NDP campaign workers I spoke with privately admitted that circulating election materials with Dexter's image on it was proving counterproductive, his popularity a drag on that of the party itself. As such, I think that in many ridings a case could be made that the election results reflected the candidate's personal credibility and strength based on their constituency work, rather than support for the party as a whole. Indeed, NDP incumbents such as Pam Birdsall (Lunenburg), Jim Boudreau (Guysborough, Eastern Shore, Tracadie), Ramona Jennex (Kings South), Becky Kent (Cole Harbour-Eastern Passage), Jim Morton (Kings North), Charlie Parker (Pictou West), and Matt Whynott (Sackville-Beaverbank) all achieved very strong second-place positions, just back of the winning candidates in their ridings.
Blood on the floor?
Will there be blood on the floor in the coming weeks and months? There may well be. The successes and failures of the last four years, and of the 2013 election campaign will inevitably be a central topic of debate and discussion for months, and perhaps years into the future. And that is as it should be, since if the party is to learn from these experiences, building on strengths and not repeating errors, it's going to have to analyze and clearly determine what went right, what went wrong, and how not to repeat past blunders. I've no idea how this will unfold.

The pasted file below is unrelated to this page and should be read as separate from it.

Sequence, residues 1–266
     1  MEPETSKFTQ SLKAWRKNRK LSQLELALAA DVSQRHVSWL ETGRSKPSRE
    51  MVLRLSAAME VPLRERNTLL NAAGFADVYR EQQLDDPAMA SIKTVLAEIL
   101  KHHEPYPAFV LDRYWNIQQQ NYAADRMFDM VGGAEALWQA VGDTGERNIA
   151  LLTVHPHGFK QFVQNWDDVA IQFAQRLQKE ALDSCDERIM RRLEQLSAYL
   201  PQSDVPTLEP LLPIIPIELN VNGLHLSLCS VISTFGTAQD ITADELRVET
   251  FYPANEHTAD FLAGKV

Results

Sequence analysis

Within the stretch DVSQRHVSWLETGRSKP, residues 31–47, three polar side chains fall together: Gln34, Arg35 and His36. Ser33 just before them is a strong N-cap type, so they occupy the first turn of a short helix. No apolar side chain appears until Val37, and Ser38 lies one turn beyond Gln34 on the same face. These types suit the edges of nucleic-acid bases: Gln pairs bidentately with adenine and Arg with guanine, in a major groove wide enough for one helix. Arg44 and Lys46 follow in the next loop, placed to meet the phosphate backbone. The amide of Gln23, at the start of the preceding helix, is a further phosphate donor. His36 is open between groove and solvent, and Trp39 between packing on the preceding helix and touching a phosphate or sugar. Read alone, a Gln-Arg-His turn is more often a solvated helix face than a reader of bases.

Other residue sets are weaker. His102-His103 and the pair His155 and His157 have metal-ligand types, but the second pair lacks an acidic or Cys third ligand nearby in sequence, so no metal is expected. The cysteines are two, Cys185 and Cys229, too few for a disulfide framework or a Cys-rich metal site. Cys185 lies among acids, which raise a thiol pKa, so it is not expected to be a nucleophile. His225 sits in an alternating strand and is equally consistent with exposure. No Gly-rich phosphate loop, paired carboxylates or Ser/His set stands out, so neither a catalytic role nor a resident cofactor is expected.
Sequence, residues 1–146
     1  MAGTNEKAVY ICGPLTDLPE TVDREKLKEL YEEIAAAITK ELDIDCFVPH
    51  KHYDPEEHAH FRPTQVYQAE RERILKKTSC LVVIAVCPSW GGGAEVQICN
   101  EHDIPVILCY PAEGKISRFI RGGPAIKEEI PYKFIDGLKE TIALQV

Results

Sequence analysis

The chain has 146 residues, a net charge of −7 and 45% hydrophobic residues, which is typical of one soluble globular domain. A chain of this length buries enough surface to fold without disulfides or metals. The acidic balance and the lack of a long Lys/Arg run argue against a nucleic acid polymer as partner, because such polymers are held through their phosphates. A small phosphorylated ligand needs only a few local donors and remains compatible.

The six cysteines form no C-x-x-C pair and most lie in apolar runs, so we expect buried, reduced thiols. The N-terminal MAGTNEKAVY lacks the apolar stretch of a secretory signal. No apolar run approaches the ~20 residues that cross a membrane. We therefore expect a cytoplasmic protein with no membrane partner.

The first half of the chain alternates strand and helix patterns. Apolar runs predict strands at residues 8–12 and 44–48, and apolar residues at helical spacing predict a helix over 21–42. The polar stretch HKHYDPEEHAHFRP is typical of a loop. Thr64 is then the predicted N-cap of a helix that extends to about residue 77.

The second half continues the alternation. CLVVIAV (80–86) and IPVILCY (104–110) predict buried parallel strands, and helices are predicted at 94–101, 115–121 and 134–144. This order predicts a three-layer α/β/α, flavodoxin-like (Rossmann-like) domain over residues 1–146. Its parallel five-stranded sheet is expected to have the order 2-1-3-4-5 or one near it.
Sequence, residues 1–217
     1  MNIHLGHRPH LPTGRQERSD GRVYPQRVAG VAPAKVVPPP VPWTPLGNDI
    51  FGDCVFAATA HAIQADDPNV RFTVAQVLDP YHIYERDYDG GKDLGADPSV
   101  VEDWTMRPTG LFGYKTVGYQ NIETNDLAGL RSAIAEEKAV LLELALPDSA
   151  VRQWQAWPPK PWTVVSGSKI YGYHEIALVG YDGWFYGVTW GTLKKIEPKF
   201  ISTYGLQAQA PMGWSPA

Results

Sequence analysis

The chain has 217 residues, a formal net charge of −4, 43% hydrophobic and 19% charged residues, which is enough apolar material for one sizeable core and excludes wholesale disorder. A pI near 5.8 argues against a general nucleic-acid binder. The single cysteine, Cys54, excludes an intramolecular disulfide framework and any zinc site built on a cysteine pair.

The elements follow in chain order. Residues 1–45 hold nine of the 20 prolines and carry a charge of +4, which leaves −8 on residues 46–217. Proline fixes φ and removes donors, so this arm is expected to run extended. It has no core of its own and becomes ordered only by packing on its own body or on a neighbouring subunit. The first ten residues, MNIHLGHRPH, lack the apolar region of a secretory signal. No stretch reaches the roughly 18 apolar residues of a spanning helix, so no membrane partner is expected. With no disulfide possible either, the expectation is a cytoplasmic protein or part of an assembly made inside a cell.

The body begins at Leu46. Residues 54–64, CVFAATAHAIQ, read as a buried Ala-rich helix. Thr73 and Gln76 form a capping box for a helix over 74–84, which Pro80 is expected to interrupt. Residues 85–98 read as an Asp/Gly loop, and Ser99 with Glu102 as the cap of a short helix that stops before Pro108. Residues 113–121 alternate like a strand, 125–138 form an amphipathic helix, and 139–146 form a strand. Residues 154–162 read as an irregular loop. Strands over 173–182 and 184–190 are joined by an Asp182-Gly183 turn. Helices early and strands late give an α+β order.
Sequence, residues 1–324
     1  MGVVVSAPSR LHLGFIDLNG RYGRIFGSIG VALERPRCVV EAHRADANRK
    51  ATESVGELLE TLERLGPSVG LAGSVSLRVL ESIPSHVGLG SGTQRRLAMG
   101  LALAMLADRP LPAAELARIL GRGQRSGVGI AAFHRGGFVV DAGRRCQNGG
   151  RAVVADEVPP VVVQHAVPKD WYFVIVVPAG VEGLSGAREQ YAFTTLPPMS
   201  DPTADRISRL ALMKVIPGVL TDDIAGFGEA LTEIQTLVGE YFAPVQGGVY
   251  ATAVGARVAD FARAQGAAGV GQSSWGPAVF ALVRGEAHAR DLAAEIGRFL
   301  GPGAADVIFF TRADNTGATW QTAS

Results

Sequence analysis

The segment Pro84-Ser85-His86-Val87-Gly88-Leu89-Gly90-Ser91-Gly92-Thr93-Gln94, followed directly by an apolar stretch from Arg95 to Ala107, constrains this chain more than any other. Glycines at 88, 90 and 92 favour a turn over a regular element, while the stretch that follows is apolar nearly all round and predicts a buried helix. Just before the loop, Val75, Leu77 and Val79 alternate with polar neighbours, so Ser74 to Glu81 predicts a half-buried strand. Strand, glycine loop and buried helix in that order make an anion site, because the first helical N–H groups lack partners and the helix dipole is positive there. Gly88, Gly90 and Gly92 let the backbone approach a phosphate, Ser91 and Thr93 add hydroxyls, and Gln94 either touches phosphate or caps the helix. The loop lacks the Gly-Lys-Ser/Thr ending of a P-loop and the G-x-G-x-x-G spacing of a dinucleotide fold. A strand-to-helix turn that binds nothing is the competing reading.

There may be some attempts to blame the activist, progressive constituency of the NDP (i.e., "If you'd only stuck with us and tightened ranks we could have pulled-off another victory and then we would have gotten around to unaddressed agenda items"). Justin Trudeau and "Trudeau-mania 2013" may be invoked, an obvious red herring given that NDP popularity was dropping long before Trudeau was elected as federal Liberal party leader. While his visits to Nova Scotia were undoubtedly helpful to Liberal leader Stephen McNeil, the support they shored-up was largely that of Liberal party members themselves. People may talk of a "red tide" that was impossible to staunch (forgetting that this is a description of events and not an explanation), or a mysterious electoral yearning for "change". Such excuses can be made to fit all circumstances and are about as useful as a colander for drinking the water of political truth. Like the pots and pans of the Casseroles movement, they can create a din, but within the noise there is little to be heard.